Major U.S. cities are spending millions of dollars on tools that track and extract data from people's cellphones — but almost nothing on rules to guide their use.
A little after midnight on November 28, 2014, hundreds of Black Lives Matter protesters filled the streets of downtown Chicago. The demonstration was one of many that erupted in cities nationwide soon after a Missouri grand jury failed to indict a Ferguson, Missouri, police officer for the shooting death of Michael Brown that August. As the protesters marched, a police vehicle crept behind them. The black SUV emblazoned with "City of Chicago Emergency Management" appeared to have two 360-degree cameras sprouting from its roof and a command center in the back.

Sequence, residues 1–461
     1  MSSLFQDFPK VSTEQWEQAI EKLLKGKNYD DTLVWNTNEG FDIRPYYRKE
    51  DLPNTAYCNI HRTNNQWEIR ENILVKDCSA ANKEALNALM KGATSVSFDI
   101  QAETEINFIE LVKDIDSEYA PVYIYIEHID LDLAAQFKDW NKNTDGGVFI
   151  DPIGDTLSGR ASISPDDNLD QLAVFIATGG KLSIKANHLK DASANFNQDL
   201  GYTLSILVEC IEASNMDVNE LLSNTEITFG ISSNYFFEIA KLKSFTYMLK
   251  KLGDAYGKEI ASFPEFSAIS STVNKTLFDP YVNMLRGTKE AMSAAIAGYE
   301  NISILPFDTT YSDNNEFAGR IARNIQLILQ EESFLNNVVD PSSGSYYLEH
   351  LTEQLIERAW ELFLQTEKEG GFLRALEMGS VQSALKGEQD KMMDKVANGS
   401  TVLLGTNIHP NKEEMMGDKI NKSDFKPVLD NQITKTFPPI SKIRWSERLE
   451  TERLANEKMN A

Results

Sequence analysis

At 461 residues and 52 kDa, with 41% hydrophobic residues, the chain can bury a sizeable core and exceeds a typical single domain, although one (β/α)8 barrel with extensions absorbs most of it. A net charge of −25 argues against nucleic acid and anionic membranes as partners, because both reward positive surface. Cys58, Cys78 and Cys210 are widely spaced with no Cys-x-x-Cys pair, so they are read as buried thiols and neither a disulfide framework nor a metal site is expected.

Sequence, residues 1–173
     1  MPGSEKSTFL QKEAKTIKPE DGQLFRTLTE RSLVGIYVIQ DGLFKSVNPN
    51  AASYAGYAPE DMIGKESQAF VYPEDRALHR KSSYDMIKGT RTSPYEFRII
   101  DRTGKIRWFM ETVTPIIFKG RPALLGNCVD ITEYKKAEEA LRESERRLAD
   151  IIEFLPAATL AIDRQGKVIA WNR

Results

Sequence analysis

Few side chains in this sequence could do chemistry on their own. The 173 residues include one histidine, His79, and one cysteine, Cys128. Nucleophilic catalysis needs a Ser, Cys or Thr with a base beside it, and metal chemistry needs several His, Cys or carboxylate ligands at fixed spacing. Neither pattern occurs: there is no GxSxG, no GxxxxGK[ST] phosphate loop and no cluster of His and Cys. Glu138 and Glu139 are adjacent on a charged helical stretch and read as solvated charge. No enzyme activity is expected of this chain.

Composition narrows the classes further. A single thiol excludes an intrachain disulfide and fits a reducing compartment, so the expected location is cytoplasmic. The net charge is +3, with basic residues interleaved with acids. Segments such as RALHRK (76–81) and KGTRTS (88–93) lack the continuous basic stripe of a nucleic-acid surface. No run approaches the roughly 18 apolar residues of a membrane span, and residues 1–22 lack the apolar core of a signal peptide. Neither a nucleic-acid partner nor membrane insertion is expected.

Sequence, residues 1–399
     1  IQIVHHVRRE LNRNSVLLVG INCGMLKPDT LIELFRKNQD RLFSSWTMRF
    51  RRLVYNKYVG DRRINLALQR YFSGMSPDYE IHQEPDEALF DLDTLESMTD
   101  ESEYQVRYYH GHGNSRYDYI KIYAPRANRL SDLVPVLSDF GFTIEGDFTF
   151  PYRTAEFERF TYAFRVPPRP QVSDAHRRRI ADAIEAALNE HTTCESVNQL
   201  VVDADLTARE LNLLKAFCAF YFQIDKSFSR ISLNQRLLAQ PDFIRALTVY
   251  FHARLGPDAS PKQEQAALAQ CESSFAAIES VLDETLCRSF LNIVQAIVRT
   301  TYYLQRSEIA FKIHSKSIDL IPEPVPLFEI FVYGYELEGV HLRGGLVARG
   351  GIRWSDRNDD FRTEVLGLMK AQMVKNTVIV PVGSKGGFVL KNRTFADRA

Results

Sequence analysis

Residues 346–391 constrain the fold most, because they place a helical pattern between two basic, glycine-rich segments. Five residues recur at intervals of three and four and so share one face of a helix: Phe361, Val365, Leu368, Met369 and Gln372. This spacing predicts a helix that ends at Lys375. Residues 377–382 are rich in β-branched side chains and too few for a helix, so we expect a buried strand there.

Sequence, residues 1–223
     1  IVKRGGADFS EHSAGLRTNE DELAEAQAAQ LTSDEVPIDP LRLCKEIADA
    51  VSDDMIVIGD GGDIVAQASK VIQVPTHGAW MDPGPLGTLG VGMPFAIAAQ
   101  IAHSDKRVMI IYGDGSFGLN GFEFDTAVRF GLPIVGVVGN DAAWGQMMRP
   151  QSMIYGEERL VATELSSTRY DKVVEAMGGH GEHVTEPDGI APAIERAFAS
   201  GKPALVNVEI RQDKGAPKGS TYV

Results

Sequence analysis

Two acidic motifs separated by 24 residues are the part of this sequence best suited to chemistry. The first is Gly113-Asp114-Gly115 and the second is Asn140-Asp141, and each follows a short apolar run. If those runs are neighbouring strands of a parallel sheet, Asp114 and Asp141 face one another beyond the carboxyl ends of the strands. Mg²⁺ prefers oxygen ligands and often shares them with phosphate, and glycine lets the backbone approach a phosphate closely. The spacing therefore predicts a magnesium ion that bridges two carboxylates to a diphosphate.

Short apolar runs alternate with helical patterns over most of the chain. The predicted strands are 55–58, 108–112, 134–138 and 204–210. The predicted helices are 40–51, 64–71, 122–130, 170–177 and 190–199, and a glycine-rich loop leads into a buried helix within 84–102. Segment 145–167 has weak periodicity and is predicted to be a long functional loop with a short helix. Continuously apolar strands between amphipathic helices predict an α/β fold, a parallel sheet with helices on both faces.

Whenever the vehicle drove by, protesters reported that their phones stopped working.
A week later, audio of a police radio dispatch from the protest was released online. In the recording, an officer alerts a department intelligence analyst about of one of the protest organizers. "One of the girls here… she's been on her phone a lot," the officer says. "You guys picking up any information? Where they're going, possibly?